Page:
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Open AccessReview

In Vitro Propagation and Variation of Antioxidant Properties in Micropropagated Vaccinium Berry Plants—A Review

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St. John’s Research and Development Centre, Agriculture and Agri-Food Canada, St. John’s, Bldg. 25, 308 Brookfield Road, St. John’s, NL A1E 0B2, Canada
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Department of Biology, Memorial University of Newfoundland, 232 Elizabeth Avenue, St. John’s, NL A1B 3X9, Canada
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Author to whom correspondence should be addressed.
Academic Editors: Diego A. Moreno and Débora Villaño
Molecules 2020, 25(4), 788; https://doi.org/10.3390/molecules25040788 (registering DOI)
Received: 17 December 2019 / Revised: 2 February 2020 / Accepted: 10 February 2020 / Published: 12 February 2020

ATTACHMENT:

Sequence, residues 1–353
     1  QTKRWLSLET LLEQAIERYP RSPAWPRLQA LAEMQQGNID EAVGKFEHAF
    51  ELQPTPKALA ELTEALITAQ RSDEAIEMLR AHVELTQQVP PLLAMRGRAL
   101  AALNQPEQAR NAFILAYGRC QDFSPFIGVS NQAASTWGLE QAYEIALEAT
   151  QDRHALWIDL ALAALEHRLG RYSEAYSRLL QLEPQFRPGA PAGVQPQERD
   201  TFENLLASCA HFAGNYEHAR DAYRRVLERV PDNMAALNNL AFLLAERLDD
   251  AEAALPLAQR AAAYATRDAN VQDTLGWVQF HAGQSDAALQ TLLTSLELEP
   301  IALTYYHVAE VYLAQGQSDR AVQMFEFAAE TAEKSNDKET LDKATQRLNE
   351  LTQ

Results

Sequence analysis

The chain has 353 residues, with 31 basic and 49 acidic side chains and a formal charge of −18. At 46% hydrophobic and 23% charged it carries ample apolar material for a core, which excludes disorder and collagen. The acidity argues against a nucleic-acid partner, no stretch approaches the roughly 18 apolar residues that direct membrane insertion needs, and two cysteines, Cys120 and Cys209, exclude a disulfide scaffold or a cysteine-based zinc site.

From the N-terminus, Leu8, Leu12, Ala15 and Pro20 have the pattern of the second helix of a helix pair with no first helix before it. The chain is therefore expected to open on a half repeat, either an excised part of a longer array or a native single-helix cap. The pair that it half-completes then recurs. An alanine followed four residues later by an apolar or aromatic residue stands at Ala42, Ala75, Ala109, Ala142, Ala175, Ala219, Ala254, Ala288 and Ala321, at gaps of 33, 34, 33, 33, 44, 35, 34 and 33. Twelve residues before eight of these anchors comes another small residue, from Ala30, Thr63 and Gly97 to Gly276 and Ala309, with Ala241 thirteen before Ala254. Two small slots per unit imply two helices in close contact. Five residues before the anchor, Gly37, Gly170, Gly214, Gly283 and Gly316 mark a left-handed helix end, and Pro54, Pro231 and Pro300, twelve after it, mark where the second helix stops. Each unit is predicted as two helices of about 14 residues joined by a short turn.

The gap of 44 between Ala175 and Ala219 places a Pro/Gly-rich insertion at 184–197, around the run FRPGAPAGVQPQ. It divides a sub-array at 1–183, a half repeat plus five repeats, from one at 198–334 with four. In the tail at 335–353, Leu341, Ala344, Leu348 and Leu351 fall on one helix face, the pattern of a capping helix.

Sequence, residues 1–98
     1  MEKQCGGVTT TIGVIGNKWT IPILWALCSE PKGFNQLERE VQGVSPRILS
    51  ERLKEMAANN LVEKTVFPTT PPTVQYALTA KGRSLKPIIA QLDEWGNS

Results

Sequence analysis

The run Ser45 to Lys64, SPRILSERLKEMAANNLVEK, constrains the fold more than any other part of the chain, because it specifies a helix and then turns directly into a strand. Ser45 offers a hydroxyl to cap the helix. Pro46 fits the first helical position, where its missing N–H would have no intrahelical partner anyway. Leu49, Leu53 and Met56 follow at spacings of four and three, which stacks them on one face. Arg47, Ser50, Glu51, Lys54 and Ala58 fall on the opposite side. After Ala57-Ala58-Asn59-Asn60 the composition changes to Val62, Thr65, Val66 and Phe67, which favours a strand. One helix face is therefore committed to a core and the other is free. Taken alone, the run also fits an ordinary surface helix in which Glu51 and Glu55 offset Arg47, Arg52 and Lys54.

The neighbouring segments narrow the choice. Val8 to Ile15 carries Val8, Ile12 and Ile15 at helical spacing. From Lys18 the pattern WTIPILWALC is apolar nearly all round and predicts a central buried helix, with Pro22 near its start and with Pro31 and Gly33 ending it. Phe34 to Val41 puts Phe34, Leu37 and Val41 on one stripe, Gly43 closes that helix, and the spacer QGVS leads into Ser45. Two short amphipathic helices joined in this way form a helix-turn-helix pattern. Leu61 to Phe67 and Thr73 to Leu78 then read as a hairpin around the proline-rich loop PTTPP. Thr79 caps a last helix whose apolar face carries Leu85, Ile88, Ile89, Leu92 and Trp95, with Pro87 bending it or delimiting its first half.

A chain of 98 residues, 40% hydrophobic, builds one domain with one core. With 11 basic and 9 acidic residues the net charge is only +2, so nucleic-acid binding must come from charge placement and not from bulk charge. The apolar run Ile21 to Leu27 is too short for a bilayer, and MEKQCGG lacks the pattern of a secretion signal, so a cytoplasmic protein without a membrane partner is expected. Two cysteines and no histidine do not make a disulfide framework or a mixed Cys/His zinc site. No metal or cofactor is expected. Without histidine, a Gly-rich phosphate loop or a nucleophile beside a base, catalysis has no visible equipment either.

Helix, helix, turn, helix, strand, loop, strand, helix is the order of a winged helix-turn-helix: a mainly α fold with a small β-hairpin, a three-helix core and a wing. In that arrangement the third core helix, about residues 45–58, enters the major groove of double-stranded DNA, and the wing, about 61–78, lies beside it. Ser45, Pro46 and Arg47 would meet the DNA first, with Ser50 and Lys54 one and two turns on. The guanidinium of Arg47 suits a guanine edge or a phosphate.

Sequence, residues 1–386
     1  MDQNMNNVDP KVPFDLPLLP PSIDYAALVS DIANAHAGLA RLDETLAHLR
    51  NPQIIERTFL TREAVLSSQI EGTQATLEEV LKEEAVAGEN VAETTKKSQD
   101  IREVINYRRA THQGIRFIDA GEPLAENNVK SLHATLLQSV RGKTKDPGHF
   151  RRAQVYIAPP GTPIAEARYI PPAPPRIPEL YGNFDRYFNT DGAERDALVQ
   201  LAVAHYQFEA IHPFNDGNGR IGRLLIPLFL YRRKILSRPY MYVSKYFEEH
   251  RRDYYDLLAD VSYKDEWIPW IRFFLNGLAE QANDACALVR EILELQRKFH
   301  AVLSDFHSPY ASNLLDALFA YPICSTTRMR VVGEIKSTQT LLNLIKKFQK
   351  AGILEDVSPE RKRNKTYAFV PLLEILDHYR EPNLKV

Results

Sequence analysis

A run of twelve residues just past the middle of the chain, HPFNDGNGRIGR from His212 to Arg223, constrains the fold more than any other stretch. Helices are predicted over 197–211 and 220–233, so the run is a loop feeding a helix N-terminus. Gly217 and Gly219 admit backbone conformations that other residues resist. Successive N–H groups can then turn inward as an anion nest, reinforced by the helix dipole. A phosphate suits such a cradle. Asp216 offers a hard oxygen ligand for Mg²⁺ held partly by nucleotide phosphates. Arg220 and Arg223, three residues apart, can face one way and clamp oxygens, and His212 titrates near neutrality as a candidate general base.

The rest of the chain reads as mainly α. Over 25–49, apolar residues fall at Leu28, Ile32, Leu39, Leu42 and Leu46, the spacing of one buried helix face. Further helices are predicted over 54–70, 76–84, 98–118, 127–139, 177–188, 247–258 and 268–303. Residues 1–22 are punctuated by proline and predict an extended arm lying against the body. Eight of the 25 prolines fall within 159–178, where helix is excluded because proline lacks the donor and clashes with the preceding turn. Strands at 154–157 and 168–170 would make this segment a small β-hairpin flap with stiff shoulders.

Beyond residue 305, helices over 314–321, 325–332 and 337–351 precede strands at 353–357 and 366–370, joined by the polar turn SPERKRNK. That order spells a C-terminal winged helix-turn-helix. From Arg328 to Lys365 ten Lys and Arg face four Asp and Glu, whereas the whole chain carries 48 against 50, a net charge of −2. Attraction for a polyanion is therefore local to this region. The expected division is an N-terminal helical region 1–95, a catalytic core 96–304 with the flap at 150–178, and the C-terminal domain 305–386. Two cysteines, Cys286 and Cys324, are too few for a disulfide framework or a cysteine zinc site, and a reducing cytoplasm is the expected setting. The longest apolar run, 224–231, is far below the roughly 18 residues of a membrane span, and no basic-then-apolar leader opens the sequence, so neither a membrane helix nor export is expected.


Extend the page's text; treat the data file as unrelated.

(This article belongs to the Special Issue Bioactives and Functional Ingredients in Foods and Beverages)
The berry crops in genus Vacciniun L. are the richest sources of antioxidant metabolites which have high potential to reduce the incidence of several degenerative diseases. In vitro propagation or micropropagation has been attractive to researchers for its incredible potential for mass production of a selected genotype in a short time, all year round. Propagation techniques affect the antioxidant activity in fruits and leaves. Total antioxidant activity was higher in the fruit of in vitro propagated plants compare to the plants grown ex vivo. This review provides critical information for better understanding the micropropagation and conventional propagation methods, and their effects on antioxidant properties and morphological differentiation in Vaccinium species, and fills an existing gap in the literature.
Keywords: blueberry propagation; tissue culture; stem cutting; phenolic content; antioxidant activity blueberry propagation; tissue culture; stem cutting; phenolic content; antioxidant activity
MDPI and ACS Style

Debnath, S.C.; Goyali, J.C. In Vitro Propagation and Variation of Antioxidant Properties in Micropropagated Vaccinium Berry Plants—A Review. Molecules 2020, 25, 788.

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